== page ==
The above preview is unformatted text

This student written piece of work is one of many that can be found in our GCSE Economy & Economics section.

Found what you're looking for?

  • Start learning 29% faster today
  • 150,000+ documents available
  • Just £6.99 a month

Not the one? Search for your essay title...
  • Join over 1.2 million students every month
  • Accelerate your learning by 29%
  • Unlimited access from just £6.99 per month

See related essaysSee related essays

Related GCSE Economy & Economics essays

  1. Airline Industry and Contestability Project - What is a contestable market?

    * Freedom to market/ advertise and enter a market * The absence of sunk costs. To what extent is the airline industry an example of a Contestable market? The airline industry is very competitive and dynamic; the performance of the industry depends on how well the European economy is performing.

  2. PEST and competitive analysis facing by confectionery organisations

    Cadbury also use high technology equipments to produce more chocolate and cheaper cost chocolate and will increase the profit of Cadbury and Nestle. Cost of machinery, it would be expensive running machinery to package and make confectionery products. This part of the production must be fast.

  1. Evaluate the impact of Nike's outsourcing strategy and factory location on the host nation

    We need to consider the reasons behind Young conducting the assessment of Nike, as there may be a vented interest to him to promote Nike's activities as ethical, which could lead to his report being biased in favour of Nike.

  2. One thing that really impressed me about Southwest was their ability to maintain high ...

    Passengers would not fly at high prices, and demand for air travel is highly elastic. Two segments exist that are separated. On the one hand are pleasure travelers, where demand tends to be elastic, and business travelers, where demand is typically inelastic .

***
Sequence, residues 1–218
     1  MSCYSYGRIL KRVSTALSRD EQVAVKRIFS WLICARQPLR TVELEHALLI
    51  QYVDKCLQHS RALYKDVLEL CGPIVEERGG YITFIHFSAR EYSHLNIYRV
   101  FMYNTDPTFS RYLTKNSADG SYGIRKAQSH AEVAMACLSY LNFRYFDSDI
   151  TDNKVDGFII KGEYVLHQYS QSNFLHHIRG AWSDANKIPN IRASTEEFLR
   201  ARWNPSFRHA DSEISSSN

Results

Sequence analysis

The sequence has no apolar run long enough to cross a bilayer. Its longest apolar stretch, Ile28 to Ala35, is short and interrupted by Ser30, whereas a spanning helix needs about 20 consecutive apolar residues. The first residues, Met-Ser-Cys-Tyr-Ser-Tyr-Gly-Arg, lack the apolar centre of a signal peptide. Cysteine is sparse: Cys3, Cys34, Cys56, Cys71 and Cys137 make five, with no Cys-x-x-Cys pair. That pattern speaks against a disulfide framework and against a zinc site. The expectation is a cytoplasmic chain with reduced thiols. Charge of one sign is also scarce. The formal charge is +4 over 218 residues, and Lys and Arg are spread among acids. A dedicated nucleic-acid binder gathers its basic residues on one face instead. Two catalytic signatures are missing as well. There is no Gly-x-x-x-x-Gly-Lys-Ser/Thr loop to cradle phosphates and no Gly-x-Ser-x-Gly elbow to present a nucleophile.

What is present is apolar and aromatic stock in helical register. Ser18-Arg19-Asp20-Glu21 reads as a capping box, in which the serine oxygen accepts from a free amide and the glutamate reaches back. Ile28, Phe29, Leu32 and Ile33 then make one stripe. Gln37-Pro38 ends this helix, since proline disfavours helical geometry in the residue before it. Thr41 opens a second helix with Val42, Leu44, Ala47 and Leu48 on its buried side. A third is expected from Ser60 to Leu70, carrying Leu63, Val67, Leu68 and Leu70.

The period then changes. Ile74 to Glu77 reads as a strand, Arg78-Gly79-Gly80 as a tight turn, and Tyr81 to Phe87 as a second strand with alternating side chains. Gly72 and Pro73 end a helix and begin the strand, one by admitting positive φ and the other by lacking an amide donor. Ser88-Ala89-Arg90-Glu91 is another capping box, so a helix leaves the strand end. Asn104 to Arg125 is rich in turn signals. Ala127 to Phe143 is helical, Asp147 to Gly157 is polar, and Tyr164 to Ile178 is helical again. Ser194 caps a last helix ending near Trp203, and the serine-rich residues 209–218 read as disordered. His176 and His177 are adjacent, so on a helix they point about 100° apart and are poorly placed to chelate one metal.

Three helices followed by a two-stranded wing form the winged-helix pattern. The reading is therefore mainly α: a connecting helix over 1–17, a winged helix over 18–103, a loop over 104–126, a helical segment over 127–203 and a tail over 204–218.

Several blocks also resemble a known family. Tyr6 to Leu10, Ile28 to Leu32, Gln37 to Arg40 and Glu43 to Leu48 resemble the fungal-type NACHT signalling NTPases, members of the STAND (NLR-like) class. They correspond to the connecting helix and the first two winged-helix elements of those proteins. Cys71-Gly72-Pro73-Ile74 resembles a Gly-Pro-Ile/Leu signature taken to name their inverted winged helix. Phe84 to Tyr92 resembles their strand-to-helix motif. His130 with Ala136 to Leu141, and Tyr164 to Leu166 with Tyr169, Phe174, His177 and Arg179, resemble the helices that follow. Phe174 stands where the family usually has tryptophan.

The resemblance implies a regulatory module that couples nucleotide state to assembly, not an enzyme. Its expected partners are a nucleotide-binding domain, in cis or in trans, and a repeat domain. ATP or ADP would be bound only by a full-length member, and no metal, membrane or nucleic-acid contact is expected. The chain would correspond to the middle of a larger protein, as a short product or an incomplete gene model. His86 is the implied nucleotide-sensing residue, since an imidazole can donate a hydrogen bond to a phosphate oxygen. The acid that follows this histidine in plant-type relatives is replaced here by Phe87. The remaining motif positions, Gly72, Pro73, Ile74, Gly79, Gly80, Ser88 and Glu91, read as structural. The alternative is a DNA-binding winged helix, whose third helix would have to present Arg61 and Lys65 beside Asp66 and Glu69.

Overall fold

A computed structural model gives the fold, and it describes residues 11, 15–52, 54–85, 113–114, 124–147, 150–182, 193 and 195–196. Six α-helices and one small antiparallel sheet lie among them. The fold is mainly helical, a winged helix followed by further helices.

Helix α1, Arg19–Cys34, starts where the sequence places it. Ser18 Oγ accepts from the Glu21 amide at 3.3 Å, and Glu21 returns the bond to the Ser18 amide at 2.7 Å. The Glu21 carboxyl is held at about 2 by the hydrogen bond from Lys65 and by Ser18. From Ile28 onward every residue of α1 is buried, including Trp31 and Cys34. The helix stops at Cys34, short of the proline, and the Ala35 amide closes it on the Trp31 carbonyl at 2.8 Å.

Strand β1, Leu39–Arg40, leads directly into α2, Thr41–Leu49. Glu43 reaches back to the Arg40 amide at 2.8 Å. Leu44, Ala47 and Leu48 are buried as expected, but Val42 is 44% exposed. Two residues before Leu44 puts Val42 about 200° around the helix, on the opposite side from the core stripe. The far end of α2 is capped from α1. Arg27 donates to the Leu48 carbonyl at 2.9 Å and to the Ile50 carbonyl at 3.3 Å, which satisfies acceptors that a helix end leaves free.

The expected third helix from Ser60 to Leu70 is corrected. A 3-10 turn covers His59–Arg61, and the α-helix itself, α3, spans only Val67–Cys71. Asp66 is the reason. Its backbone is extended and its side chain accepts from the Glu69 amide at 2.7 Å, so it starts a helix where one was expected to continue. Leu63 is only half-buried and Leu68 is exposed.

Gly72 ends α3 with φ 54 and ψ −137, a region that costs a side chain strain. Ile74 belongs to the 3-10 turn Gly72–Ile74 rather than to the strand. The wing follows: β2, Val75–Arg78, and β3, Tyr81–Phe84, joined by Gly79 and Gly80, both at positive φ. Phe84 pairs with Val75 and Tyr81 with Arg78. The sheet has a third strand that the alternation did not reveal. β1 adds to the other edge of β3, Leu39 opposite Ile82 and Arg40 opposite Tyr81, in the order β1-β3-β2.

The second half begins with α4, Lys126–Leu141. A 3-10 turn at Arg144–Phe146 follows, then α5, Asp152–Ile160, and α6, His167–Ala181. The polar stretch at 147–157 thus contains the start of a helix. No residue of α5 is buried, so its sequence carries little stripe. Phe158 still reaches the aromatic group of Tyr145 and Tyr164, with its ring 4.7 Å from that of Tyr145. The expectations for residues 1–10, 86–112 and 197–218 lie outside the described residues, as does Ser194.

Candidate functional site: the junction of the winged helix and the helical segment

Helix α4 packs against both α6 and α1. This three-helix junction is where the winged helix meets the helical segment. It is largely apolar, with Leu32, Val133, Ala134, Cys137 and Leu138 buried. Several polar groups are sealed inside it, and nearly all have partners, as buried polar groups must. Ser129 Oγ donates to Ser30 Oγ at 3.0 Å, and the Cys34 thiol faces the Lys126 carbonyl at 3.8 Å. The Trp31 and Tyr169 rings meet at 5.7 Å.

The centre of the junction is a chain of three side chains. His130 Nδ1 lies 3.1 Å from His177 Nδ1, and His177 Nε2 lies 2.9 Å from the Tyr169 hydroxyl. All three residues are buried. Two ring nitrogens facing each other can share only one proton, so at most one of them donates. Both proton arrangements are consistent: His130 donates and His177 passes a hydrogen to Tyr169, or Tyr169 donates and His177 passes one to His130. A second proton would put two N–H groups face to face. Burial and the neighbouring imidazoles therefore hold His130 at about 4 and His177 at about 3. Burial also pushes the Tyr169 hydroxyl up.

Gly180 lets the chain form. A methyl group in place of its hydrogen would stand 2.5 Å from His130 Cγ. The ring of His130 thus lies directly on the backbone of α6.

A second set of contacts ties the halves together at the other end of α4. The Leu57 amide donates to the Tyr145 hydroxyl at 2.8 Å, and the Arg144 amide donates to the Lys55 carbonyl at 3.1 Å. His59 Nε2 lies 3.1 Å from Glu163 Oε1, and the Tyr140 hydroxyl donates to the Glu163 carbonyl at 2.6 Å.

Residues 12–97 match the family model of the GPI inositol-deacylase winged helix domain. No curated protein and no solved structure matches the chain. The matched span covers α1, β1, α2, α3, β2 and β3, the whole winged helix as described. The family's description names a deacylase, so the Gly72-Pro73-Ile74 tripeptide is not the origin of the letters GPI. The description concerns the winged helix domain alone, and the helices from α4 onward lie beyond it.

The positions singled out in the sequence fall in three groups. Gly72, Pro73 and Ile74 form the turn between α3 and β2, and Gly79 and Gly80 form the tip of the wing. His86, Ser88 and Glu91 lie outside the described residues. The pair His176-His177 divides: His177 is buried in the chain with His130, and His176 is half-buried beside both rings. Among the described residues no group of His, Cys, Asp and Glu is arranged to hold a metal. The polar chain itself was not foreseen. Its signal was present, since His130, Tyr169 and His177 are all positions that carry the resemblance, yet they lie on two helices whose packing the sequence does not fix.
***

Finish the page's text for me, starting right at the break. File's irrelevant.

1. Selecting international modes of entry and expansion

    selection of particular modes of entry (Aulakh and Kotabe, 1997; Erramilli and Rao, 1993; Kim and Hwang, 1992; Kumar and Subramaniam, 1997; Root, 1994). The target market factors include elements related to risk, competition, host government involvement, culture, partner availability and market size.

  2. The structure of the airline industry.

    of 12 cents, while Airtran operates at 6.87 cents per available seat mile. This is a significant difference in airline operation costs and with the reduced operations straining the larger carriers; Airtran is taking advantage of and exploiting their low cost air route network.

  1. Economics of European Integration

    In this way, liberalisation is not especially associated with "privatisation" and inversely. Moreover, note that in the context of the electricity liberalisation, the question of the ownership mainly concerns the monopolistic elements of the electricity supply chain (i.e. transmission and distribution), whereas the other elements should have been regulated by the rules of competition and a complete private ownership.

  2. Critically evaluate the perceived competitive starategies of the five clothing retail outlets, namely Edgars, ...

    The South African Textiles and Apparel Industry has embraced the General Agreement of Trade and Tariffs (GATT) and the philosophy of trade liberalization and is striving to become more efficient and competitive. The textile industry has plans to dedicate R3 billion of investment over a five-year period.

  • Over 160,000 pieces
    of student written work
  • Annotated by
    experienced teachers
  • Ideas and feedback to
    improve your own work